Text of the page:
want, of jurisdiction. Mr Hughes stated i
generally the grounds of the motiou, which t
Judge 'ack called cobwebs, and compared t
to which the attenuated threads of the spi
dcer were cords of strength, Hie sn'd, in j
concluding his triuly eloqunent and irgumn- a
tativeospeech, that ''the lib. rties ot' this I
people mighat. be lost, but they could only I
be lost by the dextcrous use of ai'tihlery,i
cavalry and infantry. They could not beC
impaled by (lie baby-pins used by the attor
neys of the War' Depar't mont,, ]'hey might,
be destroyed, bit this was not the way to 1
doe it." TIhe argumnent is to lbe cent inued~ 4
by Mr. Tr'unmbull, who moved an adjourn
meat of the court at half-dast three o'clock.i
I suppose it would be dangerous me venturoe
a prediction as to the decision upon the
pendling moot ion, especially if the decision I
should happen to be verified. I thereforet
refrain from all speculation upon the sub
ject. The Supremie Court room was dense. t
ly packed insidle and ougtside the bar by ciui..
nont, men from all parts of (lie country,.
There is a mtovement- oat foot amnotng (lie
friends of Geoneral Girant to have President
Johnson to nomninate heon. N P tlanks, of
Massachusetts, its Secretary of d ar', and itt
is confidontly asserted thiat. Blanks would lbe
contlred. Tihis move is iiitended to atrrest, t
the tidle of populair indignation wvlich hasa
been threatening the Presidential prospeotsa
of General Grant, by soothing and quieting
tihe public pulse. As long as Stanuton re-t
mains in the War Department under exist- I
inig cironmetanees, theay say the sore wvill
remaIn unlhtealed, and that the dangerous 1I
symptoms must increaso,but if Mr. Stanton
can be stored away out of sight, like a
piece of wvorthbless and forgotton furniture,
the Radical loaders hop1) that (lie events of I
thme few weeks past, so terribly damaging to
General Grant's prospects, niay likewise
pass from public recolleetion, and the tidoe
of indignation which has manifested itsolf j
in all parts of (lie country be turned inside,
if not entirely arrested.
A desperate attempt to break the jail of
Marion, C. 1I1, was madlo last Friday morn- I:
hag, by its iitmates, seome twenty-lAve in d
number, headed by the,'notor'ious Jeff. Gee. a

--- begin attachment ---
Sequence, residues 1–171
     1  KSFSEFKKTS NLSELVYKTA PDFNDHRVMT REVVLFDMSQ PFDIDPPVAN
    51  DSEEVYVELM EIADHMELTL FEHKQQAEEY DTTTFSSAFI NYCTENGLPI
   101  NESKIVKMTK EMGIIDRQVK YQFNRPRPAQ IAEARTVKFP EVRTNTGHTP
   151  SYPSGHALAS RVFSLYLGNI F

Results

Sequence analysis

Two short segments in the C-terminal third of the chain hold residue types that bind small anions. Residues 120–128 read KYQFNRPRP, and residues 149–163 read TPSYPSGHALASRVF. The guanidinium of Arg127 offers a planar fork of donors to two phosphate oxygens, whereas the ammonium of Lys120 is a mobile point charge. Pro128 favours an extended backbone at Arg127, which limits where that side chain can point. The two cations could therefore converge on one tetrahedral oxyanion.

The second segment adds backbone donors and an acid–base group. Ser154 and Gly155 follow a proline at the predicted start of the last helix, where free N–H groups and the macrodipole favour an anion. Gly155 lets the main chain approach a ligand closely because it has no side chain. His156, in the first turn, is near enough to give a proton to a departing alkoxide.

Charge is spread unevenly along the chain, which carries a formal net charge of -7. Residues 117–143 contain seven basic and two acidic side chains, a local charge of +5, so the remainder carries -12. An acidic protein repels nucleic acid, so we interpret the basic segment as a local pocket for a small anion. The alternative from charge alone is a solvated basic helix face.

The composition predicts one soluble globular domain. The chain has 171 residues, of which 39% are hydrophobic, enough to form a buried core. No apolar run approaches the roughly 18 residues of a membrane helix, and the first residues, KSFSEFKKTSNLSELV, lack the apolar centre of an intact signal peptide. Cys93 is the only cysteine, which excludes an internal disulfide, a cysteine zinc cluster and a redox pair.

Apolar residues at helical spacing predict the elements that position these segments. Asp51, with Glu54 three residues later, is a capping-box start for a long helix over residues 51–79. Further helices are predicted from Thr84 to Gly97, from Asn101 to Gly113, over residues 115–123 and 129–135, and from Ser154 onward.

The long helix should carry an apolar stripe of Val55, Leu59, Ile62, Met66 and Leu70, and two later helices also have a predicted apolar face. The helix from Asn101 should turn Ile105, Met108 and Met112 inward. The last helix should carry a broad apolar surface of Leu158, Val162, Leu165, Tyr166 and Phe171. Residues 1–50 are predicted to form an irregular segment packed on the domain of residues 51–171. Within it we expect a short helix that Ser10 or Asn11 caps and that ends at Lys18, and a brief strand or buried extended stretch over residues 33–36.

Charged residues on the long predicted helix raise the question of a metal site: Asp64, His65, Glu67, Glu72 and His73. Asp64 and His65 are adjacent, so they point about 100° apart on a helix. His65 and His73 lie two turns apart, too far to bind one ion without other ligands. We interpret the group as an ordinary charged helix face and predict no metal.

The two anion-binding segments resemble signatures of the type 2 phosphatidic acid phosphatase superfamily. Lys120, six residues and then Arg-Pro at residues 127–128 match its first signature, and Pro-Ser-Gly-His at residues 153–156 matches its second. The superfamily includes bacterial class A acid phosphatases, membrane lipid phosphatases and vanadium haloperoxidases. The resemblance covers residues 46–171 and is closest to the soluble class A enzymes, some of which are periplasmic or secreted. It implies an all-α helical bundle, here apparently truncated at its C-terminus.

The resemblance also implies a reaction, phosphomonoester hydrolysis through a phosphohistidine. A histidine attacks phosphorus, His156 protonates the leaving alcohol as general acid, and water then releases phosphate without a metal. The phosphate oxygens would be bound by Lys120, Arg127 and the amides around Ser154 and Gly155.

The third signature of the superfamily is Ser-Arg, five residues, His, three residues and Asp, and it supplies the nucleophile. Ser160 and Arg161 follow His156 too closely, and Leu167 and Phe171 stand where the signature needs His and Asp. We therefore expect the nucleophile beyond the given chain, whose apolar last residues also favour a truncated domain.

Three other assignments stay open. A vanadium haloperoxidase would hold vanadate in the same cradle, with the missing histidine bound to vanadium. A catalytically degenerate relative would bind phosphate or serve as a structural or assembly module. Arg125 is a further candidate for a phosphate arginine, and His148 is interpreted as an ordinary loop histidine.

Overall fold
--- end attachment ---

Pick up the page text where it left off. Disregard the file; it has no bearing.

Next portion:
The bars of the windows were smashed out., e
and great damnage dlone to the building. o
Tile sheriff' was compelled to invoke the aid a
of the citizens, and by their instrumentall- q
ty, the blacks aiding the whites, and after c,
the prisioneors had been compelled to leave
the windows by the usme of lare-arms, the In.
surrection was quelled. Four or five nrls. tI
onors were wounded. The Insurgents said r
that they were driton to extremities by L
hunger, but tho afddavits of jail oflllals, g
corroborated by that of Ite agent of the r
Freedmon's Bureau at that point and others j4
show that no. such cueoitd
The experitnent of stocking the Connectl. b
out with salmion, 'undertaken by the New
Ihampshire commnissioners on fisherles, hs a a
suecess. " 'i
Interesting to Merohants.
The following letter, In reference to tax.
9 to be collected on sales, will be read with
itorest by our merchants and bilsiness
SecosN MILITARY DISTRIoT,
CHlAnLESTON, S. C., January 28, 1808.
Yrm. S. Hustie, E'a., Sherj Charleston Dis
irict, Oharleton, S. .
Sin : Referring to your communication of
coemuber 20, 1807, I am instructed by the
oinanding General to reply ta 'your in
uirics as follows :
You inquire, "whero goods wore sold on
Dnmission in 1860, and settled for, previous
> Lb i passago of the Act of 1860, is 20
ants on the $100 to be collect od, or not?"
Although your inquiry is confined to cases
f sales on commission, where the proceeds
ro accounted for before the passage of the
,ut, the reply is applicablo to all other
ases embraced under the clause in qies
Assuming the fac(s, out of which your
iquiry grows, to be as stated by you, and
appears lint, during the year '180, prior
the passatr of the Act raising revenue
)r the year 1867, thoro was no law in op.
ration subjeoting to taxation transactions
f the class referred to by you, but that by
lie last preceding Act on tho subjoot, the
Ato of taxation was fixed at 20 cents on
lie $100, that being the ailolit, fixed by
tio last law preceding that of Decenber,
Your second inquiry is as follows: "Mer
hants having done business continuously
a their own account, or for account of
thers, during 1860, delivering their goods
they sold them, are they to pay the tax
f December, 1866,'as passed by the Logis.
ture, or is their tax to be scaled down to
) cents on the $100, or is no tax to be col.
Merchants doing business on their own
3count, stand on the same footing with
mmislision timerchants Sales accompanied
y the transfer of property effected by them
ror to the passage of the Act of Docem
er, 1866. arc not, liable to taxation, under
io provisions of that Act As to this lia
ility of suoh transaction to tld tax of 20
3nts, an answer has already been given,
nder your first inquiry.
Your third inquiry relates to the proper
1to of chargeable taxation, in the case of
The business of publishing and vending
ewspapers, including the sale of advertis.
ig space, is regarded as mercantile in its
baracter, and accordingly the provisions
f the first clause of General Orders No.
2 are applicable to taxes, laid upon tran
xctions in the course of suobi busihess.
'ho rates chargeable upon tihe gross earn.
igs of such establiahmnents. are to be fixed
,ith reference to the principles hereinafter
id down, in regard to the general mercan
le business. Very respectfully your obe
Louis V. CAZIARO,
Aid-de.Camp, A. A. A. G.
FRAUDS IN BANKRUPTOY.-The latest
odge of those who wish to get a fraudulent